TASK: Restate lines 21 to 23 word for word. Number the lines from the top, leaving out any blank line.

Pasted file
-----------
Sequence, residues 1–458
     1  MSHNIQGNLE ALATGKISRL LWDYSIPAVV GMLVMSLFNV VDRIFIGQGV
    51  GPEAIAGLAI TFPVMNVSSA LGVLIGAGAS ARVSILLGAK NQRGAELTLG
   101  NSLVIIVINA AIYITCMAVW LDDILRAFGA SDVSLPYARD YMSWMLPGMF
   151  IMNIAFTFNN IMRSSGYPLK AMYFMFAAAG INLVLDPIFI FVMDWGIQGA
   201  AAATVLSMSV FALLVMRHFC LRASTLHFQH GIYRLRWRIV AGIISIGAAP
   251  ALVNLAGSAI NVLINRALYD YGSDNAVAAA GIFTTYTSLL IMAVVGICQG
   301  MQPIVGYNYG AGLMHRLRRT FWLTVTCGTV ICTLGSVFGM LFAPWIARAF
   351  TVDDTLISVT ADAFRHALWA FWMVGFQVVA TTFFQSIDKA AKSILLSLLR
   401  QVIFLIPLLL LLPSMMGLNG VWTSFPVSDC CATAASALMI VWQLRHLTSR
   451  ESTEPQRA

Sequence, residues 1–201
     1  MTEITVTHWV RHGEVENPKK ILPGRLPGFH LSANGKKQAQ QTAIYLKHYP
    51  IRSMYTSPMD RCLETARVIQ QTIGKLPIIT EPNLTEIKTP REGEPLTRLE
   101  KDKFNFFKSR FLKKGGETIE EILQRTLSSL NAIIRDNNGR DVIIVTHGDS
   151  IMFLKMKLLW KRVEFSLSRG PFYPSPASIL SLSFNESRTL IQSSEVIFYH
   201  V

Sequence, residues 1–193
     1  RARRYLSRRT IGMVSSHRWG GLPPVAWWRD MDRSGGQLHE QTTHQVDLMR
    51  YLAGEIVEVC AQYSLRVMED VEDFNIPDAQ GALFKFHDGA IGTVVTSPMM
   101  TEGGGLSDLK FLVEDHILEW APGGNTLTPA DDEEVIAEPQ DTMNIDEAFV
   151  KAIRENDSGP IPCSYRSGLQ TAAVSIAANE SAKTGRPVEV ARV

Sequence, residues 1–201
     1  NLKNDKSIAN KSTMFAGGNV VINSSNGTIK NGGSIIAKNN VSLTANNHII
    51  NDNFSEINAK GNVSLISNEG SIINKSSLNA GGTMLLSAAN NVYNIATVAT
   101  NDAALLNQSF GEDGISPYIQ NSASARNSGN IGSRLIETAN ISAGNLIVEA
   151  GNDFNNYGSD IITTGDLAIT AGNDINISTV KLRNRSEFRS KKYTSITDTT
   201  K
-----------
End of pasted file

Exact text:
   101  TEGGGLSDLK FLVEDHILEW APGGNTLTPA DDEEVIAEPQ DTMNIDEAFV
   151  KAIRENDSGP IPCSYRSGLQ TAAVSIAANE SAKTGRPVEV ARV

Sequence, residues 1–201